By: Kailash Satyarthi/ Unicef
In the foothills of the Himalayas, many years ago, I met a small, skinny child labourer. He asked me: “Is the world so poor that it cannot give me a toy and a book, instead of forcing me to take a gun or a tool?” Another time, a child-mother from the streets of Colombia who had been trafficked, raped and enslaved, asked me this: “I have never had a dream. Can my child have one?” A Sudanese child, kidnapped by an extremist militia and forced to kill his friends and family, once asked me: “Is this my fault?”
Slavery did not end with abolition in the 19th century. Even in modern times and developed countries, it still exists in its cruellest forms. Most recent data show that there are still 150 million child labourers in the world; that 59 million children of primary school age are out of school; and that 15 million girls under 18 are forced into marriage each year. Millions of children live with a disability that makes them more likely to be marginalized or miss out on education.
Millions of undocumented immigrants and people on the margins of society are trafficked and forced into domestic labour or the sex trade. In crisis-affected areas, slavery is much more rampant, as children are given guns instead of toys and girls are sometimes sold for less than a pack of cigarettes. Unfortunately, 37 million children living in crisis-affected countries are out of primary or lower-secondary school. I have met children toiling on cocoa farms in Côte d’Ivoire, selling flowers in Colombia, sewing footballs in Pakistan, working in mica mines and brick kilns in India, and living unimaginable horrors in Nigeria.
All children deserve a fair and equal start in life. They deserve freedom and a childhood. They deserve comprehensive, well-rounded, quality education. These have to be viewed not just as basic rights but as a means towards a more inclusive and sustainable society.
Sustainable societies can only have a prosperous future when their children are safe, educated and healthy. Put simply, ending child labour, slavery, trafficking and violence against children is directly tied to achieving most of the other development goals.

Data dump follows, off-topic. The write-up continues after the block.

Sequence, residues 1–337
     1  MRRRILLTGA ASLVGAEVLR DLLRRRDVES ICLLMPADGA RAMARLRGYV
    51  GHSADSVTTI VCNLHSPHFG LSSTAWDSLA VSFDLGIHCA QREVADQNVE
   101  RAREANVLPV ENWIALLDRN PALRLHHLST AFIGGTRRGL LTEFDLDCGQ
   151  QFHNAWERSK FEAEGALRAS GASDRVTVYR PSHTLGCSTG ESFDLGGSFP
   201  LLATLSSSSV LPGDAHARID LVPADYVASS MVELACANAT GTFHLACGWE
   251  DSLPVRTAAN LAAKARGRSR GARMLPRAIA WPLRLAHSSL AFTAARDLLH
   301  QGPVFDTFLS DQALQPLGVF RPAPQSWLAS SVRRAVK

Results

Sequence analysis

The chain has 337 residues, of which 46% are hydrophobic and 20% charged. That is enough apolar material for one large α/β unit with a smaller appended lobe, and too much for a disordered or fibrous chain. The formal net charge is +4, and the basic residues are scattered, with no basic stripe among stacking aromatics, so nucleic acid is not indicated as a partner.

Our generation can be the one that puts a complete end to the evil of child slavery. We can provide an education for every last child. We have an opportunity to embrace peace, equality, inclusivity and sustainable development by ensuring freedom for all.
But we can only do so when governments, businesses, civil society and citizens unite, and when each carries out its role wilfully and effectively. We need governments to make child-friendly policies and invest adequately in education and young people. Governments can no longer ignore the economic arguments against child labour.
Increased child labour leads to higher unemployment. Today, for the 150 million children (5–14 years old) doing jobs meant for adults, there are 200 million unemployed adults. Through the right economic measures, governments should ensure decent living wages for parents so they can send their children to school.
The benefits of education are known to contribute to economic growth and poverty alleviation. Reports show that each dollar invested in quality education will return 15 times the amount in two decades. The rule of law should extend to every last child. Businesses must be more responsible and faith leaders must recognize that compassion for others is a central tenet for all faiths.
It is the responsibility of each and every one of us: We must build the world of our dreams with compassion for our fellow man and woman, regardless of ethnicity, race, religion, nationality, politics or anything else.
When we as citizens unite in holding governments, businesses and civil society accountable, anything will be possible. My colleagues and I have humbly done our part – drop by drop over the years.
The result is that more than 85,000 children have been rescued from child labour and servitude and given back their childhood. It is not enough to extinguish the blaze represented by the millions of children who remain in slavery, but to those children and their families it has meant everything.
Aged eight, Tayambile would walk with her mother every day to fetch water. On her 2km return journey in 30C heat, she would carry 20 litres in an aluminium bucket on her head….November 8, 2020